The Drive Down



I way overthought the logistics as I always do, and as my nature often compels me. How would we survive Interstate 95, one of the most traffic-clogged roads on a good day, when hundreds of thousands of people had the same thought? I guessed maybe fewer drivers would begin their journey early Saturday morning, two days before the eclipse. We left the Washington, DC area at 5:30 am, hoping that my prediction might hold true. However, traffic coming out of DC seemed heavier than usual. It continued to build as we passed Fredericksburg and pushed forward towards Richmond. I definitely feared the worst. If traffic looked this bad even before sunrise, what would it look like when everyone woke up and started heading towards the eclipse’s path of totality?

Unexpectedly, conditions improved after we left Richmond. In retrospect, I figured they must have been heading to the beaches of Virginia and North Carolina. This wasn’t eclipse traffic, this was normal beach traffic, of people with Saturday-to-Saturday cottage rentals. We experienced nothing but smooth sailing for the rest of the drive. Honestly the easiest driving happened in South Carolina. The route seemed downright relaxing compared to the initial leg. We arrived at our destination in 7.5 hours, with an average speed (including stops) of about 65 miles per hour (105 kilometres per hour). No delays. None.

I guessed correctly. Others, however, did not. My wife’s friend left from New Jersey later in the day. She made it only as far as Fayetteville, North Carolina until being forced by fatigue to stop overnight. It took her 15 hours.


Hanging Out


Rusty Bull Brewing Co.

We also got plenty of time to hang out with family, another benefit of arriving two days early. This trip would be a little different. We would avoid the usual tourist sites of Charleston. I didn’t want to be anywhere near the crowds. Our older son enjoyed spending time in a quiet corner of his temporary bedroom playing interactive Internet games with his friends back home in Virginia. Our younger son got some quality time with his cousin, including a trip to the local trampoline park. My sister-in-law definitely took one for the team as she shepherded them during that adventure.

The rest of us visited as many local breweries as we could. Over the course of two days we hit six: Frothy Beard Brewing; Holy City Brewing; Oak Road Brewery; Rusty Bull Brewing; Twisted Cypress Brewing and Westbrook Brewing. I’d never been to a brewery in South Carolina before, so now the only states missing from my brewery adventure map were Arkansas, Kansas, Montana and Oklahoma.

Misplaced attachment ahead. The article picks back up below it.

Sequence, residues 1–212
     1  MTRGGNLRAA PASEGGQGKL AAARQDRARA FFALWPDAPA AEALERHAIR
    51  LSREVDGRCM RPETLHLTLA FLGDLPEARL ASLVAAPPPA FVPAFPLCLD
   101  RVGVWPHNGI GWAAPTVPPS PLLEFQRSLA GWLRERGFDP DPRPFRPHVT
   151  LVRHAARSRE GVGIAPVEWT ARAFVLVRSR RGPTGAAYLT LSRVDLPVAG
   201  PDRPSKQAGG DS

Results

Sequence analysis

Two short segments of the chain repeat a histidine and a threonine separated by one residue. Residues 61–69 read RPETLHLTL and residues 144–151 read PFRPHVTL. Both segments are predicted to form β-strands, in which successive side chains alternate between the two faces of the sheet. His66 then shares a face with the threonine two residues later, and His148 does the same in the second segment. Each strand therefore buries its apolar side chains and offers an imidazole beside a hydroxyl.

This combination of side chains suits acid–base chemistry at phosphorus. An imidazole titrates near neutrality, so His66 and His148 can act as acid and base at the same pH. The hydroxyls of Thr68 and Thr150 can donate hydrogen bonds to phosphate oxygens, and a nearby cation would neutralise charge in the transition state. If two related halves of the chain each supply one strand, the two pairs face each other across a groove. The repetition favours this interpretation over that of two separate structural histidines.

Eclipse Day



The morning of the eclipse

Then came the big day. I started with a six-mile run at dawn. I thought Virginia summers were brutal although they paled in comparison to South Carolina. At least mornings in Virginia offered a bit of respite from the worst extremes of the day. However, in South Carolina, I walked through the front door and hit a solid wall of heat and humidity. This seemed troublesome because all that water vapor had to go somewhere, and sure enough clouds began to build as the morning progressed. Clouds, obviously, would obscure the eclipse. Still, I tried to remain optimistic.

Fortunately we didn’t need to travel anywhere. My brother’s house sat northwest of Charleston, even further into the area of totality than the city itself. The period of darkness there differed from the theoretical maximum by only 12 seconds. We didn’t see any need to fight our way through the traffic. We already sat at an awesome geographic viewpoint.

The city itself largely shut-down for the event. Many businesses closed for the days as did the schools. Still, lots of bars and restaurants remained open with all sorts of eclipse celebrations and specials. It became something of an undeclared holiday. Even so, we decided to remain in the back yard with lawn chairs and our eclipse glasses ready.


The Eclipse


Eclipse?

Where we stood, the eclipse lasted from 1:16 pm to 4:09 pm, with totality starting at 2:46 pm and lasting for more than two minutes. Right around 12:30 pm, a thunderstorm rolled into the area and heavy clouds did not depart for the rest of the day. We never saw the sun during the entire period of the eclipse. Thunder and rainfall drowned out every other sound. Only complete darkness offered the telltale sign that something else was happening. This unfortunate turn of events offered a humble lesson in making the best of a bad situation. We did enjoy the moments leading up to totality. The world darkened visibly, especially during the final moments, arriving faster than any sunset. It looked like someone turned a dimmer switch on the entire planet, then repeated the process in reverse. We never got to use our eclipse glasses though.

When’s the next one? April 8, 2024? I have a cousin who lives in Austin, Texas. Maybe I can make reservations early.

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12 Mile Circle: